Looks like there has been some new results in the field of photoactivated transcription. Unlike the fully genetically-encoded systems reviewed in a Journal Club, this uses a hybrid genetic and small molecule approach. In Doxycycline-dependent photoactivated gene expression in eukaryotic systems, Cambridge et al. add the photolabile protecting groups to doxycyclin derivatives, which then function as photoactivatable switches in the commonly used Tet-on system. Dr. Dan O’Connor described the technique as “the path of least resistance to photoactivated transcription.”
The authors were able to get robust gene expression with standard UV irradiation, but also were able to uncage sufficient cyanodoxycycline with two-photon illumination to cause highly localized gene expression in cultures. In live tadpoles, they stuck to UV for the greater efficiency.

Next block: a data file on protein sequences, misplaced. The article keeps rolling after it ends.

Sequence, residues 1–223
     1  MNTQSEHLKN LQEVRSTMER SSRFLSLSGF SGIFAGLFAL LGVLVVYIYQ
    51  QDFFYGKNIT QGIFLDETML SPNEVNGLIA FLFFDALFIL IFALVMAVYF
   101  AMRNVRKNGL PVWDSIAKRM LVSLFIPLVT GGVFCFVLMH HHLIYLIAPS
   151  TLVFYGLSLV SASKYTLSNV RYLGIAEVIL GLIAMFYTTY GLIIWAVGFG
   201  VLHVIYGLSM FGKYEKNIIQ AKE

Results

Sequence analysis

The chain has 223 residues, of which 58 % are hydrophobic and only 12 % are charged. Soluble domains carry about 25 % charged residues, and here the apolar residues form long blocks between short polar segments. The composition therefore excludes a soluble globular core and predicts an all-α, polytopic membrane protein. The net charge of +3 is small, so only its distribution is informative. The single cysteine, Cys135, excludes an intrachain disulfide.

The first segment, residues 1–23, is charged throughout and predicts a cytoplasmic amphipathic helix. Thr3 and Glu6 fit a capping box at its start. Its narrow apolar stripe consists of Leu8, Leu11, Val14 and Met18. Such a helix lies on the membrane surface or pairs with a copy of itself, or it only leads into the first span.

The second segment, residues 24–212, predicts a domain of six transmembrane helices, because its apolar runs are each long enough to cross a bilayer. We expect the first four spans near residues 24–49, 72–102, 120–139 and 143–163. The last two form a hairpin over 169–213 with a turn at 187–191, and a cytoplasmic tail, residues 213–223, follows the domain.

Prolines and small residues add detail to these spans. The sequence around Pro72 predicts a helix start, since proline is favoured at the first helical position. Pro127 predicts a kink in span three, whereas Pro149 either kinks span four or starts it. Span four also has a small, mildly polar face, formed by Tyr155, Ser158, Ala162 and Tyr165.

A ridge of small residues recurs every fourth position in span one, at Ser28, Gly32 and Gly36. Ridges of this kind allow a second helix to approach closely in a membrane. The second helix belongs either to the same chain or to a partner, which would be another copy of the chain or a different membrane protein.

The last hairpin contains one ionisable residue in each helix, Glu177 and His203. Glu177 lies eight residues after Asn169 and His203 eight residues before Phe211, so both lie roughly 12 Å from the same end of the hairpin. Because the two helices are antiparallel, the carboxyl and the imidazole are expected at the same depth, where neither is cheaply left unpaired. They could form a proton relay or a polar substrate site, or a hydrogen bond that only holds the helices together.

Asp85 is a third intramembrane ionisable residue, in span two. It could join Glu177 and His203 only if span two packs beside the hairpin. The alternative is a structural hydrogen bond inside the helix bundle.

The standard caveats of the tet system apply. The off-state still has a bit of residual gene expression, which is fine for some applications (like fluorescent tagging), and a dealbreaker for others (cre induction). Drug delivery takes time and comes with diffusion, penetration and clearance issues. UV penetration through deep tissue is going to be a big technical hurdle to overcome to apply this to full-grown mammals. Blasting living tissue with high power UV usually isn’t a good idea. Despite these caveats, the system clearly works and I’d bet the authors are already applying the system to some next-step applications and biological questions. The potential of selectively turning on genes in functionally identified neurons via light is enormous. It is one of the most likely eventual avenues into possible optical activation or suppression of specific thought patterns (at least if you are willing to squirt virus into your brain and eat a bunch of nasty antibiotics).